Friday, May 13, 2016

Occasional Greatness? I Sometimes Wonder - Three Pianists Remembered...

On one fine day during my young years, my piano teacher described one of the  most daunting pieces written in the 19th century for the piano by a Russian composer  I, up to that time, had never heard of. That description was so intriguing to me that I decided to purchase the music and learn it on my own.
When my first gaze at the jungle of notes had registered, I very sadly decided that I did not possess the weaponry to attempt it, and, with tail between legs, consigned  the piece to a pile of music in the piano bench.
During this period, I became acquainted with the name of a pianist who was gaining fame for his playing of Beethoven and Brahms, and so I began listening to some of the few recordings that he had made, one of which was the Brahms Opus 117 in "B"  flat  - I had recently learned this wonderful piece, and was seduced by the playing of this emerging young  pianist from New Jersey, named Julius Katchen. I got to see him once in concert, which included  the music that I had decided I was not ready for, described in the paragraph above. This piece is titled "Islamey" by Balakirev,  and remains one of the most challenging compositions to this day.  Katchen positively overwhelmed my teen-age consciousness with a crystal-clear exploitation of this jungle of notes which had intimidated me such a short time before this recital. Tragically, Katchen was cut down by cancer in his early  forties.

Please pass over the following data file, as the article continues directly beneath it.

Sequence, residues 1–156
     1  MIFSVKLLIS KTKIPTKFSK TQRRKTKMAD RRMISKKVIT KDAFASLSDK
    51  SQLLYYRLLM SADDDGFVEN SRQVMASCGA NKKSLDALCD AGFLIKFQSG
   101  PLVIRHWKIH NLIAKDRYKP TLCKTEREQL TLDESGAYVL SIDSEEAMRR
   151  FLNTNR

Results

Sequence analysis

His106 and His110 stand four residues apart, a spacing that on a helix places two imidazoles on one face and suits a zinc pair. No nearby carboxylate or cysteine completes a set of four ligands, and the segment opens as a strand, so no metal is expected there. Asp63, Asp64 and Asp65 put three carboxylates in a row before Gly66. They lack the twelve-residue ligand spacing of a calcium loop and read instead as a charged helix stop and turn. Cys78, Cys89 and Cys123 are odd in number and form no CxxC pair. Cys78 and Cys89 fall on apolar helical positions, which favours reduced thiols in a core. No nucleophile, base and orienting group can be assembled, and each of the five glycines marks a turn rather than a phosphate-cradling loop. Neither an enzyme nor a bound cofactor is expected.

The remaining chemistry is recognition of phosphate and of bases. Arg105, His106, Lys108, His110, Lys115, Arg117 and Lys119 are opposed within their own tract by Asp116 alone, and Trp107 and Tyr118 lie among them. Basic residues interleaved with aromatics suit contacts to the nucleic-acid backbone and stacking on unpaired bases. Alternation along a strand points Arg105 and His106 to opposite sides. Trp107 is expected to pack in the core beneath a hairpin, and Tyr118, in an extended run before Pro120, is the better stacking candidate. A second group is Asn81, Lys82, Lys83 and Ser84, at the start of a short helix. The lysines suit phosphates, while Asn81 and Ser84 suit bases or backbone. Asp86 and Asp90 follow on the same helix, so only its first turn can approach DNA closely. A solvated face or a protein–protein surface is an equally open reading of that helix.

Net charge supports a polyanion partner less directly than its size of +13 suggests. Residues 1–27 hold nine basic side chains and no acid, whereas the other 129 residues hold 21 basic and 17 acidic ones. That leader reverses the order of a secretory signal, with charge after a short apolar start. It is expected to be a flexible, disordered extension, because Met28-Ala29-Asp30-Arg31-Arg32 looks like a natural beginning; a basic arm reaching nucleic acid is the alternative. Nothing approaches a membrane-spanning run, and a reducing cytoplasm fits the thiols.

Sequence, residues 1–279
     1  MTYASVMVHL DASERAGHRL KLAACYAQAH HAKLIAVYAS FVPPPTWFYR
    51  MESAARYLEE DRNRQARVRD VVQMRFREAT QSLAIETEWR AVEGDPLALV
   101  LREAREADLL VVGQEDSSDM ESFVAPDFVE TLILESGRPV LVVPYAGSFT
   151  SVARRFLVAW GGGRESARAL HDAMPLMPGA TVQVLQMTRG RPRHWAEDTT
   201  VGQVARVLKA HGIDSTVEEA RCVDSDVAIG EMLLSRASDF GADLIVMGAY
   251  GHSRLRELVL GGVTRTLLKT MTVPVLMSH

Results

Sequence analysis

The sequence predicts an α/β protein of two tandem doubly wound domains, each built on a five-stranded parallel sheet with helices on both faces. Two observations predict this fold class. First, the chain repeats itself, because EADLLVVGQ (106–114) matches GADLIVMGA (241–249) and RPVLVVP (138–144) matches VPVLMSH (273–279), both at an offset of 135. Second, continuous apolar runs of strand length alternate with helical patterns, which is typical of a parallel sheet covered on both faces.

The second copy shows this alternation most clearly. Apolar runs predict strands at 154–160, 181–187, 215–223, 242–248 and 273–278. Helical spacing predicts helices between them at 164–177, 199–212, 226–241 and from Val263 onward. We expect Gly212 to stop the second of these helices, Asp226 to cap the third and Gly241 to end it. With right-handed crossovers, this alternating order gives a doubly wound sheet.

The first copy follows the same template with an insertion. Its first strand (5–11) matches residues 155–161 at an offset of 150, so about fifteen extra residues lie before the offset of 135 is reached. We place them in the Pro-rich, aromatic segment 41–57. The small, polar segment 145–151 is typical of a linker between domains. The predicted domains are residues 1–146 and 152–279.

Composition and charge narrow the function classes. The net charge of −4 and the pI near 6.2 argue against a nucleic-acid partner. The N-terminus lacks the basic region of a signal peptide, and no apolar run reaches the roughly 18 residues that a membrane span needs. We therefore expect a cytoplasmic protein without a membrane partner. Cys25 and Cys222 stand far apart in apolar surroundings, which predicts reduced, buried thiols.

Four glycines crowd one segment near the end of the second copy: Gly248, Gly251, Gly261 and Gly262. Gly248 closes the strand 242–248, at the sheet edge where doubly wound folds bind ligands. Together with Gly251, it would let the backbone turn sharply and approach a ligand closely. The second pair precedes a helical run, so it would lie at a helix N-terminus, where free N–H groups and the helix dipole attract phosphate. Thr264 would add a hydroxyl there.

Another pianist who became a hero of this time period was known by one name;  Solomon,  and had been one of the few pianists of that period  who performed the complete cycle of the Beethoven sonatas,  which mesmerized me during this impressionable time in my development. I remember well my constantly asking the question (to myself, of course), "how can one memorize so much music and still be human?" Solomon suffered a stroke in his fifties while recording the Beethoven Cycle for EMI records, and his career was destroyed.
The third pianist, Simon Barere, was, for me at this time,  one of the most impressive pianists I knew of, what with the likes of Horowitz, Rubinstein and Gieseking at their primes lurking about. His command, both technically and spiritually, moved me essentially as much as the other better- known pianists. One of his recordings which popped up before me was none other than that accursed piece "Islamey," which shed further light upon the increasing number of reasons that this is one piece I should continue to leave alone. In 1951, Barere collapsed on stage of a cerebral hemorrhage in a performance of the Grieg Concerto with Ormandy and the Philadelphia Orchestra, and died  backstage.
One final issue about "Islamey" - it is, of course, a great example of a secondary composer writing so very well for the instrument, but not numbered among the great composers we are so familiar with.
BUT! Do have some  fun by assembling the "Islamey" recordings of :
Julius Katchen, Vladimir Horowitz, Mikhail Pletnev, and Simon Barere. And in this order.
Horowitz and Pletnev are the better known performers, of course. And their legendary powers transport this jungle of notes  to a level expected.
But the transparency of Katchen and the dizzying tempo of Barere make for, in my view, some compelling moments - make your own determination!
To encapsulate:
The names Katchen, Solomon and Barere are pretty much forgotten in this new century, but I am attracted to a level of greatness in the late Brahms of Katchen; the impact of early Romanticism through Beethoven by Solomon: the level of text in Liszt and Beethoven by Barere.
Occasional Greatness?  I continue to ask this question, which was raised in my youth...



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